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Labour Day

Labour Day (or Labor Day) is an annual holiday that resulted from efforts of the labor union movement, to celebrate the economic and social achievements of workers.

This can be traced back to the Knights of Labor in the United States, and a parade organized by them at that time on September 5, 1882 in New York City. In 1884 another parade was held, and the Knights passed resolutions to make this an annual event. Other labour organizations (and there were many), but notably the affiliates of the International Workingmen's Association who were seen as a hotbed of socialists and anarchists, favoured a May 1 holiday. With the event of Chicago's Haymarket riots in early May of 1886, president Grover Cleveland believed that a May 1 holiday could become an opportunity to commemorate the riots. He quickly moved in 1887 to support the position of the Knights of Labor and their date for Labor Day. The date was adopted in Canada in 1894 by the government of Prime Minister John Thompson, although the concept of a Labour Day actually originated with marches in both Toronto and Ottawa in 1872.

Labor Day has been celebrated on the first Monday in September in the United States and Canada since the 1880s. Many other countries celebrate Labour Day along with May Day on May 1, a date that has been recognized in the United States since the 1930s as Loyalty Day, though rarely practiced.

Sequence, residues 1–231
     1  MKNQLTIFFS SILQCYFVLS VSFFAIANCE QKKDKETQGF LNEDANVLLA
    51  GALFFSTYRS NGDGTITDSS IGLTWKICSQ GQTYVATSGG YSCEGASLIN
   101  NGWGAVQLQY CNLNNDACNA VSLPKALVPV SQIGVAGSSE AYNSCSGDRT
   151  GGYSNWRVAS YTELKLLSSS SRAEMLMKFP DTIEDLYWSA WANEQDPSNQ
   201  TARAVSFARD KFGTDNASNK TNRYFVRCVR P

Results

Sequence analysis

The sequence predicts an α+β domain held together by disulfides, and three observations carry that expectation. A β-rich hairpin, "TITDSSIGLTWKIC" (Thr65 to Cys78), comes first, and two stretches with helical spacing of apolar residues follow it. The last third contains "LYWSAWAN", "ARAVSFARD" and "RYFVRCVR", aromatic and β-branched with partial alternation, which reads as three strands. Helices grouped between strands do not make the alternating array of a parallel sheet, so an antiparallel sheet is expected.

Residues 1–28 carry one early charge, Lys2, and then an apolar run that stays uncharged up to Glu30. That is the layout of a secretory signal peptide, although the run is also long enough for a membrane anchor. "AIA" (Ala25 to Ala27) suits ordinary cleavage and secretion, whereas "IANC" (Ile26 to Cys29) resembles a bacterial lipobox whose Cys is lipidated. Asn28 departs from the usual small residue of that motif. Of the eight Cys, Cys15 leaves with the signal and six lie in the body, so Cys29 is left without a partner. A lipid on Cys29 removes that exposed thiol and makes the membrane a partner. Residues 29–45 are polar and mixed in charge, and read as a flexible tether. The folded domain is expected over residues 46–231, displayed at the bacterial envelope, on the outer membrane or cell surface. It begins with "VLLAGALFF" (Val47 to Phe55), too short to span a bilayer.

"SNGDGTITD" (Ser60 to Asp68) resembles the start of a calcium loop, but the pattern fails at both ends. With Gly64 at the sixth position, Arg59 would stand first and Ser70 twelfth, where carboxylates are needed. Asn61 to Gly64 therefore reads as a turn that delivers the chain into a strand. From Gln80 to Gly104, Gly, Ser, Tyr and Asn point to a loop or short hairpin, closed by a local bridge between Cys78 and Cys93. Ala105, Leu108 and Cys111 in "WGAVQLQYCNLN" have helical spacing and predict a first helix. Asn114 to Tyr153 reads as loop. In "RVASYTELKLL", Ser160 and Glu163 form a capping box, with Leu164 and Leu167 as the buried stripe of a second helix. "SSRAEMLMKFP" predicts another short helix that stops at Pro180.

In Australia, Labour Day is October 1 in the Australian Capital Territory, New South Wales and South Australia. In the Northern Territory it is called May Day but (unlike in most other countries with such a holiday) occurs on May 5, not May 1.

According to highway accident statistics, the Labor Day weekend is the most dangerous weekend of the year to travel on US highways. The reason is believed to be that it is the last long weekend before many schools start. Families with school-age children take it as the last chance to travel before the end of summer. A few teenagers and young adults view it as the last weekend to get drunk before returning to school. Drunk driving and boating and extra traffic both contribute to the high fatality rate over the weekend, and law enforcement is typically very visible on the roads and waterways at this time.

Labor Day in the United States

2003 Sept. 1
2004 Sept. 6
2005 Sept. 5
2006 Sept. 4
2007 Sept. 3
2008 Sept. 1
2009 Sept. 7
2010 Sept. 6

External links

Details, history of the American Labor Day, and more about its purpose is needed.

Explanation of the difference between May Day and Labor Day, as well as the confusion between the origins of two separate holidays both known as "Labor Day", (one from knights of labor, one from socialist international) would also be nice